Seventeenth-Century Christian Hebraists: Philosemites or Antisemites?
Several years ago my husband, Gordon Weiner, and I both gave papers at a conference of historians. My husband’s paper was on Jewish attitudes towards Christians in the early modern period, while mine was on Christian attitudes towards Jews. In my paper, I argued that it was entirely appropriate to label Christian attitudes towards the Jews before the nineteenth century as antisemitic rather than anti-Judaic. To my mind, this was a rather innocent and uncontroversial suggestion because it was so easy to document that hostility towards the Jews involved much more than their religion. So, imagine my surprise when, after we had presented our papers, a man got up and said that he was very confused by the panel. One participant — he pointed to my husband — had given a very scholarly presentation, while the other, and that of course could only be me, was a ‘mere popularizer’. I later learned that the man who had so strenuously objected to my paper was a Lutheran theologian and that I had deeply offended him.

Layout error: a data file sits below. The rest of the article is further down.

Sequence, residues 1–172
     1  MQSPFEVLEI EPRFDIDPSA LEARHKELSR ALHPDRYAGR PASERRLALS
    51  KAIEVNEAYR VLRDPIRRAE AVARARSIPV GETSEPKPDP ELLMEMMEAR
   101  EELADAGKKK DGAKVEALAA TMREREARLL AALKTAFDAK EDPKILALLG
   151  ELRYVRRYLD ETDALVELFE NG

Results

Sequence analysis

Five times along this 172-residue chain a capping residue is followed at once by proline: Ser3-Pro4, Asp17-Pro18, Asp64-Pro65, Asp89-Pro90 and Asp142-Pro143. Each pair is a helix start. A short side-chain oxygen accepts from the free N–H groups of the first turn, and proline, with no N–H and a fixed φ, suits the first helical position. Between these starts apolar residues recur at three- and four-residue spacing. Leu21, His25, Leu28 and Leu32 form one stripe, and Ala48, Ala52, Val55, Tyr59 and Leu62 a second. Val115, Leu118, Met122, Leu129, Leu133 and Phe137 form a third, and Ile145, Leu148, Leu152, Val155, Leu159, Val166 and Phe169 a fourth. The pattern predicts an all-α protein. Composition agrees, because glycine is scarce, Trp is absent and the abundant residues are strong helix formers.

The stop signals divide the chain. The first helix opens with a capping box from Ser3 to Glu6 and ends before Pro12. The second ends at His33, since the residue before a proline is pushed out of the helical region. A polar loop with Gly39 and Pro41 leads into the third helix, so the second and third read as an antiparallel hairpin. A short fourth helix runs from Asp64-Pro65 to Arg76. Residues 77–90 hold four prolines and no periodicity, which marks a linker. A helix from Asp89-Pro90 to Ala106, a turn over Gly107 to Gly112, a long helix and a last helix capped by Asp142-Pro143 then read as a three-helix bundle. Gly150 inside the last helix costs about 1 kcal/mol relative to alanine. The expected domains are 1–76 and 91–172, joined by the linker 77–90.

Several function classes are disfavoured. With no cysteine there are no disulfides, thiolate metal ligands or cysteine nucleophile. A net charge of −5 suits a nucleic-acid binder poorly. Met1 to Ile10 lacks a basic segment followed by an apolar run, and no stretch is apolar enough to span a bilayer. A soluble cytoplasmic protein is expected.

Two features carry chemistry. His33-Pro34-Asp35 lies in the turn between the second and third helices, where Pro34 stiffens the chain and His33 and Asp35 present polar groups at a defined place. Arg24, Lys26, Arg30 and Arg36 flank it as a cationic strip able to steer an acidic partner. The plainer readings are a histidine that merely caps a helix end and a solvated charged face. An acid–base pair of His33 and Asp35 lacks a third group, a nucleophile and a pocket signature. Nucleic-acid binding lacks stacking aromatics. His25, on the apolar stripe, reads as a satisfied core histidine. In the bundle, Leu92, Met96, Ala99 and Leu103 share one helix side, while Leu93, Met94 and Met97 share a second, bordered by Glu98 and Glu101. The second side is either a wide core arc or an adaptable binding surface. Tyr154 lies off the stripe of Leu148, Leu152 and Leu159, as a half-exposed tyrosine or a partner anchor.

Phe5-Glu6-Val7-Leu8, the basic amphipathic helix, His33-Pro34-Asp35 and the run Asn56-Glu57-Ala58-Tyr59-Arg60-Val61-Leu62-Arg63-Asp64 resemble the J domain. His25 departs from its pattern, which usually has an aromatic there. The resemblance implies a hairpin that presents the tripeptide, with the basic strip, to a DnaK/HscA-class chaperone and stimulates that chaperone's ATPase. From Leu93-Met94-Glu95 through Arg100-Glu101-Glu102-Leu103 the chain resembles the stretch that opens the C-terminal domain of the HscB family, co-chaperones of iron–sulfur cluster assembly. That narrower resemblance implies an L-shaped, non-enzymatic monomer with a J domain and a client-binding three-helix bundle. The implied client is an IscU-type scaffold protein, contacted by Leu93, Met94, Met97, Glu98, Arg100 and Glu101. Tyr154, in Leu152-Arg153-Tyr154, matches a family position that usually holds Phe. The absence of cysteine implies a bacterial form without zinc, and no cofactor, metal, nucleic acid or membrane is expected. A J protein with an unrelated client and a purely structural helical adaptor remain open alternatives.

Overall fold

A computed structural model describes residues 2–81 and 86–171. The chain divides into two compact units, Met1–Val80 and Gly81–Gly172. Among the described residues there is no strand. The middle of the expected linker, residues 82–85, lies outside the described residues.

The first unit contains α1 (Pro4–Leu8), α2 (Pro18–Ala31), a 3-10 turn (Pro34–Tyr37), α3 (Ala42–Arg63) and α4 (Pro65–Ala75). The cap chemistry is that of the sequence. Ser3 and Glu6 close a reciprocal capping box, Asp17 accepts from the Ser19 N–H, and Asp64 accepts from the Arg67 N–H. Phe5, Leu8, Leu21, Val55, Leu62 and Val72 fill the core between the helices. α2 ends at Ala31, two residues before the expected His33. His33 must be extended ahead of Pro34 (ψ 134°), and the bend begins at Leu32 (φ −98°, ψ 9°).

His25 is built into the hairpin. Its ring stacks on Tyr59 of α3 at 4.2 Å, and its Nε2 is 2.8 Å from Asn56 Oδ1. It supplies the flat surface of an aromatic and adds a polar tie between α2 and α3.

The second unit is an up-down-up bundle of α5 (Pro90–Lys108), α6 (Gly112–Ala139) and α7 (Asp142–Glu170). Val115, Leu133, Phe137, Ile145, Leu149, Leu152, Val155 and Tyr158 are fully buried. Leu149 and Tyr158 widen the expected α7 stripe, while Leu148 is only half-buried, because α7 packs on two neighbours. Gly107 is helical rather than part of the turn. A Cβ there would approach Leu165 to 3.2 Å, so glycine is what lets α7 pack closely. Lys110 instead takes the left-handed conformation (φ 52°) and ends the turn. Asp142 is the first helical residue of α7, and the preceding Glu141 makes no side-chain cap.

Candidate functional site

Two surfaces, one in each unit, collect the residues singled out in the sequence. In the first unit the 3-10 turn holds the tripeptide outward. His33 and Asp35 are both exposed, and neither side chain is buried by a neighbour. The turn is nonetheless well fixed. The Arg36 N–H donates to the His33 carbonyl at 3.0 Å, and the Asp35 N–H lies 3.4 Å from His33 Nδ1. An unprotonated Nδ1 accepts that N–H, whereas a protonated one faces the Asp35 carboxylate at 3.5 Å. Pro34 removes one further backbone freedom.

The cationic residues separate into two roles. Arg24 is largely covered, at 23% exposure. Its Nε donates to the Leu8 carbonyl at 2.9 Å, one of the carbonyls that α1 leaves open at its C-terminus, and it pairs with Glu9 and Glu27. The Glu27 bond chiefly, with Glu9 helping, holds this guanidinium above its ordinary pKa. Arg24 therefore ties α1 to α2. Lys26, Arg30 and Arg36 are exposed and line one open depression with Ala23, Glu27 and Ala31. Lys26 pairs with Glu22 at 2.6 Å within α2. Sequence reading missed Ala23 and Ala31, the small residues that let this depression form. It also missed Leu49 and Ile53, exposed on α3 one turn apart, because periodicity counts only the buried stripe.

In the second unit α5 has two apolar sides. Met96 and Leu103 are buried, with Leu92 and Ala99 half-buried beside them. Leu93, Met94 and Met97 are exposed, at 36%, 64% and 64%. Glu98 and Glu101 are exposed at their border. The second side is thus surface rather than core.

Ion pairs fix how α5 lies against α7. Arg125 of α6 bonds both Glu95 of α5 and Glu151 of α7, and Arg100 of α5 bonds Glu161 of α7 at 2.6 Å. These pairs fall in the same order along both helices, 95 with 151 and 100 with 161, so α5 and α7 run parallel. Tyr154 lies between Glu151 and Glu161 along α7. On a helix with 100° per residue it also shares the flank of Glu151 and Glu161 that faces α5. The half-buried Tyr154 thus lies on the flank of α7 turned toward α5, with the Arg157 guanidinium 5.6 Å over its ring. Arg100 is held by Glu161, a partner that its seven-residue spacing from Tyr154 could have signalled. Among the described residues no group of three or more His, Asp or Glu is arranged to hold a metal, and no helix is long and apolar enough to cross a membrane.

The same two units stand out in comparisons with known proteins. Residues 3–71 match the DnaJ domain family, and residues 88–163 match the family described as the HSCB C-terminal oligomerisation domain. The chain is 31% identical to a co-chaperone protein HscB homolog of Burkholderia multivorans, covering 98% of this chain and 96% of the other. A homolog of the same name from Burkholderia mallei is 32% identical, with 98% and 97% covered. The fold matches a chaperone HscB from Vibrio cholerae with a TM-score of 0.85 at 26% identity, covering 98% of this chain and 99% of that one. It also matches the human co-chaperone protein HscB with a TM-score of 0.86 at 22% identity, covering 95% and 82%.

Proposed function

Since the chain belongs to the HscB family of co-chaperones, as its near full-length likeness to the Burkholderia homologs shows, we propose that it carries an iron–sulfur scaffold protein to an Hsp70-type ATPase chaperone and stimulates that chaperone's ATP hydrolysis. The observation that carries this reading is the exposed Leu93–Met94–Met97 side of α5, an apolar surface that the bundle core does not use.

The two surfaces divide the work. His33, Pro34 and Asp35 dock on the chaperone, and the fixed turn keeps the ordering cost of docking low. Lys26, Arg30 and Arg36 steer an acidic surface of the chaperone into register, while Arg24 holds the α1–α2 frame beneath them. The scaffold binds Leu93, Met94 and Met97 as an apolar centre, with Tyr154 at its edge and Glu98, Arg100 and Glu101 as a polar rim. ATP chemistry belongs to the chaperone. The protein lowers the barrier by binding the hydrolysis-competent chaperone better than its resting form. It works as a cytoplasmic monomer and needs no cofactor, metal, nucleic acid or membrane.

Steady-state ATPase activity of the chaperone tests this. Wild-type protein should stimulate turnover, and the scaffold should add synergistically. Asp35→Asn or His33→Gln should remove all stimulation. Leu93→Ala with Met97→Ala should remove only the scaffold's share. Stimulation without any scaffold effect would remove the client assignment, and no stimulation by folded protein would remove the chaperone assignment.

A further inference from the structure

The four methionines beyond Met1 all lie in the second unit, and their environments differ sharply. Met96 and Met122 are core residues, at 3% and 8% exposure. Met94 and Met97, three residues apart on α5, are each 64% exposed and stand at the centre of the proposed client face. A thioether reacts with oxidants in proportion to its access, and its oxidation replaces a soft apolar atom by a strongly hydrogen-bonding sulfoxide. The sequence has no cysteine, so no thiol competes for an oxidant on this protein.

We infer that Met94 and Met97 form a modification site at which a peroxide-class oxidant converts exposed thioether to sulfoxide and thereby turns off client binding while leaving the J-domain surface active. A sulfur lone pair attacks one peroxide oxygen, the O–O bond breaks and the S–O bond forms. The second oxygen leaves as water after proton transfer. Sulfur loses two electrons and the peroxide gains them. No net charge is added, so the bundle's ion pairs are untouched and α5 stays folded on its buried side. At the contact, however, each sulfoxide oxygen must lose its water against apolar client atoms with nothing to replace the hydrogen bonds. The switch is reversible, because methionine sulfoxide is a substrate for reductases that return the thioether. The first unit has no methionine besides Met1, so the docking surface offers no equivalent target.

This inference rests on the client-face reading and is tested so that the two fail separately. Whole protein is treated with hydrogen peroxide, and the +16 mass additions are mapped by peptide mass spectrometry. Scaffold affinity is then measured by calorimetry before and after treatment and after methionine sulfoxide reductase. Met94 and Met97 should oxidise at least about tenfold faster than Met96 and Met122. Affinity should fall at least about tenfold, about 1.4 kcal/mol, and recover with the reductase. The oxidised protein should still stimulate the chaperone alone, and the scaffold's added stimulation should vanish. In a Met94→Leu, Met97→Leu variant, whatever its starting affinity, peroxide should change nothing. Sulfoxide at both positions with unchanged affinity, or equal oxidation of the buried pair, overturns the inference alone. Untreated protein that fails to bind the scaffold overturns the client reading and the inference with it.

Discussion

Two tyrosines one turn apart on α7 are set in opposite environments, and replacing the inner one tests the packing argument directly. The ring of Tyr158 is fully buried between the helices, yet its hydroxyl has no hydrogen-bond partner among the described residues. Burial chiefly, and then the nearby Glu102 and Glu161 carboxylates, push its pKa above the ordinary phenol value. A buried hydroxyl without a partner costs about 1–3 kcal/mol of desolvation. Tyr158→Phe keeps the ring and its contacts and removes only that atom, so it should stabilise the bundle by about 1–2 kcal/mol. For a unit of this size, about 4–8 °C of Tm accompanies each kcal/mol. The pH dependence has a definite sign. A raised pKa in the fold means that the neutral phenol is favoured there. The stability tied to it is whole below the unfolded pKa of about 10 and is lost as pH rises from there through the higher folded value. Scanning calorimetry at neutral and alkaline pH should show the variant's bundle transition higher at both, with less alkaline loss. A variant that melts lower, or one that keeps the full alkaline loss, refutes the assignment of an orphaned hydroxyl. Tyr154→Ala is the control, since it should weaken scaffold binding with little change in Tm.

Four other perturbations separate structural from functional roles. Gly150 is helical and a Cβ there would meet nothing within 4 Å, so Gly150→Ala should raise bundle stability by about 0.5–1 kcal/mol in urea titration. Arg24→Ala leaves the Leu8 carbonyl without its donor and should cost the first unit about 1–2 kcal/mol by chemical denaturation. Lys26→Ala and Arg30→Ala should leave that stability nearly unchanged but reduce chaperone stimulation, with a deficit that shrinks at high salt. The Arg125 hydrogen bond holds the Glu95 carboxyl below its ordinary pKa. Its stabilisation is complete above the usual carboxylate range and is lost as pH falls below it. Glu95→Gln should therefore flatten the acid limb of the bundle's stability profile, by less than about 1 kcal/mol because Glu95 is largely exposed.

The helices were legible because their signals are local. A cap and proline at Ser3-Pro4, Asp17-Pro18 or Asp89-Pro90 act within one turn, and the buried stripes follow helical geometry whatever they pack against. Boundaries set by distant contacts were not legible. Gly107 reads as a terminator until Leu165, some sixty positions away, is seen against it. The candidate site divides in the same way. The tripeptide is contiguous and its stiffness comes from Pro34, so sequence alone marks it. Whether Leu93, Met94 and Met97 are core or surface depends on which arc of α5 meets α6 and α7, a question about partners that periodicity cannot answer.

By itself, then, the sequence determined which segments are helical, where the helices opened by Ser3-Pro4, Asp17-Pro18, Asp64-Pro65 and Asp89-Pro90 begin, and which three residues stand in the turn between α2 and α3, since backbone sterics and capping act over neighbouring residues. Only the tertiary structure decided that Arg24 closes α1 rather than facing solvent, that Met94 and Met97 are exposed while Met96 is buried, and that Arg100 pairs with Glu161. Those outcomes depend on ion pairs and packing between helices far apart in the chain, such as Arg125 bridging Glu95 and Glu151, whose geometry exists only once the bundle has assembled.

KeywordsSeventeenth Century Early Modern Period Early Century Ritual Murder Potential Convert
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